Streamline JavaScript web resource development using Fiddler AutoResponder

While developing and debugging JavaScript web resources, you can use AutoResponder in Telerik Fiddler to replace the content of a web resource with content from a local file rather than uploading it in your Dynamics 365 Customer Engagement instance and publishing each time. Use the following steps below to setup AutoResponder in Fiddler.

Install and configure Fiddler

  1. Download and install Fiddler.
  2. Open Fiddler and from the menu bar, go to Tools, and then select Options.
  3. Select the HTTPS tab in the dialog box and check the Capture HTTPS CONNECTS and Decrypt HTTPS traffic checkboxes so that the HTTPS traffic is captured and then decrypted.
    Select the marked checkboxes in the HTTP tab.
  4. Click OK to close the dialog box.


If it is the first time you are enabling this setting, Fiddler will prompt you to install a certificate. Install the certificate and restart Fiddler so that the new settings take effect.
If you have run Fiddler in the past and get a NET::ERR_CERT_AUTHORITY_INVALID error, in the HTTPS tab, click the Actions button and choose Reset All Certificates. This will also present a number of prompts for the new certificates to be installed.

Configure AutoResponder

  1. Open the page in your Dynamics 365 Customer Engagement (on-premises) instance that you want to debug.

  2. Start the Fiddler trace capture by clicking the Capturing button in the bottom left corner. Click on Capturing button to start capturing HTTPS traffic.


    If you want to capture HTTPS traffic only from a particular host, on the Filters tab, in the Hosts area, in the -No Host Filter- drop-down select Show only the following Hosts from the menu and enter the list of domains from which you wish to see traffic, separated by semi-colon. More information: Filters reference. Filter traffic displayed in Fiddler UI.

  3. Perform any operation necessary to load the script you are testing. You can stop the capture by clicking the same Capturing button again.

  4. Select the trace log sessions from the left pane and search for the file you want to setup the AutoResponder for.
    For example, if the code you want to debug is in a JavaScript web resource named new_testscript.js, use the Find button to open the Find Sessions dialog box and search for the name of the webresource.
    Find a session in fiddler.
    You will see the rows that match with your search criteria highlighted in the left pane.

  5. Select that row. In the right pane, select the AutoResponder tab.
    Select the AutoResponder tab.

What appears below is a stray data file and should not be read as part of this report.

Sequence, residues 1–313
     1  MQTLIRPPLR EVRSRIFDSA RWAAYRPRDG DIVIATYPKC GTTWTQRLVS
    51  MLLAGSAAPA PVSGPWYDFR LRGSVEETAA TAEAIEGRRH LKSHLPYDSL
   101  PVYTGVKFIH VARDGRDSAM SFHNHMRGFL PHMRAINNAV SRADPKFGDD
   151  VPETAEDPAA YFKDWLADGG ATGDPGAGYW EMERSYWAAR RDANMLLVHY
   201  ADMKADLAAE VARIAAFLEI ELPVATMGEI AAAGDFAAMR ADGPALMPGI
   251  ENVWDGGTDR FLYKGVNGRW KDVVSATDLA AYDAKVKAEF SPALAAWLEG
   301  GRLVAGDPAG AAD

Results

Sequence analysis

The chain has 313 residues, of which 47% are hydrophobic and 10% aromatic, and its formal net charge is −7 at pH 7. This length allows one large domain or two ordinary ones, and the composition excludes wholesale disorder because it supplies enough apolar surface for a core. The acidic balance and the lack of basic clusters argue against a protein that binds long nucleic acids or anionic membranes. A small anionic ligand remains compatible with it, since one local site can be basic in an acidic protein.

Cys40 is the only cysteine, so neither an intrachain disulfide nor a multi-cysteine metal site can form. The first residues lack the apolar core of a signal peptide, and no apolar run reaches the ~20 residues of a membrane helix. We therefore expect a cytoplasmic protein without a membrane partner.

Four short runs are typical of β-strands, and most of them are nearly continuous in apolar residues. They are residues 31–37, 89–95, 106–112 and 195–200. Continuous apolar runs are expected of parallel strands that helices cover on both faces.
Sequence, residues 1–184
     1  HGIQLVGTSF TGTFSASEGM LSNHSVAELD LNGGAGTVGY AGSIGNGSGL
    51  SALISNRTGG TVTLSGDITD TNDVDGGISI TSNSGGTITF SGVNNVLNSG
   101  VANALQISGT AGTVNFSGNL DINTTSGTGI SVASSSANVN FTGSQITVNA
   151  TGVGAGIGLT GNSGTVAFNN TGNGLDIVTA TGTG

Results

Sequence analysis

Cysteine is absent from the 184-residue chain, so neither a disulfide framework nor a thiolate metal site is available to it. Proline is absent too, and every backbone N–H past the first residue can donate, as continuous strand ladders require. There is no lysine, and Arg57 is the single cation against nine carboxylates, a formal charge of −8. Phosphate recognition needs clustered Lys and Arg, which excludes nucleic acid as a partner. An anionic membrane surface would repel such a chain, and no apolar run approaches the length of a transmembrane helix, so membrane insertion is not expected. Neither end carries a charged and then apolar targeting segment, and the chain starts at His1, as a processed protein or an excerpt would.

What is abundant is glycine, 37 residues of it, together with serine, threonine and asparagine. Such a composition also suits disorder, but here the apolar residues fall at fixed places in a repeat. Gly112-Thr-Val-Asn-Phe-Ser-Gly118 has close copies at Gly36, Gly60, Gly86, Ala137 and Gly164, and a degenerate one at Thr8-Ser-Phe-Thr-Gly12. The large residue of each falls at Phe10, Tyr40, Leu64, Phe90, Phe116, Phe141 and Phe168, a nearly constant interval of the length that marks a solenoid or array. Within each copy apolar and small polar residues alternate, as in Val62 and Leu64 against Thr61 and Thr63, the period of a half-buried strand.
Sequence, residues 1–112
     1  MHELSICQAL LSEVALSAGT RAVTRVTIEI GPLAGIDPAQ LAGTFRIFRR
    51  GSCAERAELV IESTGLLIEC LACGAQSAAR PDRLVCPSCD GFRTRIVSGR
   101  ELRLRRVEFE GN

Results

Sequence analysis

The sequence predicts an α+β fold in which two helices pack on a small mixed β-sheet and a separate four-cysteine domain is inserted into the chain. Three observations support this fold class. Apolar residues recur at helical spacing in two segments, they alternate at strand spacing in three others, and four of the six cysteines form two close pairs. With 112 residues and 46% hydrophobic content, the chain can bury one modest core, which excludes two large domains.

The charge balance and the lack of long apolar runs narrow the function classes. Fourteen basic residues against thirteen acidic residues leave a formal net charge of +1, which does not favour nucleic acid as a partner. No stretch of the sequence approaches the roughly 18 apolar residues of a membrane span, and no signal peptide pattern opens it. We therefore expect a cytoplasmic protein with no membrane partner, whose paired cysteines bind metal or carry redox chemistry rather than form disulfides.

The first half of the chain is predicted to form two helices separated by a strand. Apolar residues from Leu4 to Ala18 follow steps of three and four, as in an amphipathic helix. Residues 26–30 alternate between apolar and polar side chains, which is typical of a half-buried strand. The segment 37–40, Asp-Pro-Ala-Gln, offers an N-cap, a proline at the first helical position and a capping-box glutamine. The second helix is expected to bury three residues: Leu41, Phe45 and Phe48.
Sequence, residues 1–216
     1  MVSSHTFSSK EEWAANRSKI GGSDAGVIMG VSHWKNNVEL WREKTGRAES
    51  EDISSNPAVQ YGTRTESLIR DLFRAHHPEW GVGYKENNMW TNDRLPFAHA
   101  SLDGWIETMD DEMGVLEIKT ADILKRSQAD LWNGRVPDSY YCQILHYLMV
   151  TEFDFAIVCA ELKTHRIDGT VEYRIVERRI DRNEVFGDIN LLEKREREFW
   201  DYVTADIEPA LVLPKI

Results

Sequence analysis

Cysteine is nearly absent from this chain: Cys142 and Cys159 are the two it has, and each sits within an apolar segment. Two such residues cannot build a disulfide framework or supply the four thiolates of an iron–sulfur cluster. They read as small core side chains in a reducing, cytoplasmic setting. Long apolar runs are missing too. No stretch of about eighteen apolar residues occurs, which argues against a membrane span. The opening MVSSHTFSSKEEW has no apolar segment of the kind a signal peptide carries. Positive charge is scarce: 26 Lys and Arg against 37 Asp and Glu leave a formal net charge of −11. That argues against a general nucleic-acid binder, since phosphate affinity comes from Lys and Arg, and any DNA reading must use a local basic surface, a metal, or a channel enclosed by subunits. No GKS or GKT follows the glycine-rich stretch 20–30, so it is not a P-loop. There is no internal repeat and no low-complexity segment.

6. In the AutoResponder tab, select the Enable rules and Unmatched requests passthrough check boxes.
    Select the two highlighted checkboxes.

  7. Ensure that you still have the session related to your target file selected and then click on the Add Rule button in the AutoResponder section. This adds a new entry into the rules table.
    Add new rule.

  8. When the rule is selected, the Rule Editor at the bottom has the top row populated with the Session URL related to your file and prefixed with a string like EXACT:.
    You can then edit the string to match to simplify it. With web resources, the URL will contain generated values in the URL or in a query string to make sure that the latest published version is included in the response. You will probably see the EXACT value will look something like this:

    EXACT:https://<org URL>/%7B636556138760000160%7D/WebResources/new_testscript.js?    ver=-1229805553

    You can simplify this to remove the generated values and use this instead:


    The bottom row is left blank. Type the path to your local file on your disk on this bottom row and Save.

    Add path to your local file in Rule editor.

By following the above steps, Fiddler is configured to listen to the requests and responds with the local file instead of passing the request over the network.

Update and test your code

  1. Apply changes to your local file.
  2. Start Fiddler trace capture again and go back to your browser and hard reload the page with empty cache.
  3. In the browser developer tools you can see that the file that is now received will be the local one.
  4. Continue repeating this process while updating your code until you get the results you require.

See Also

Web resources for Customer Engagement (on-premises)
Use JavaScript with Customer Engagement (on-premises)
Client scripting in Customer Engagement (on-premises) using JavaScript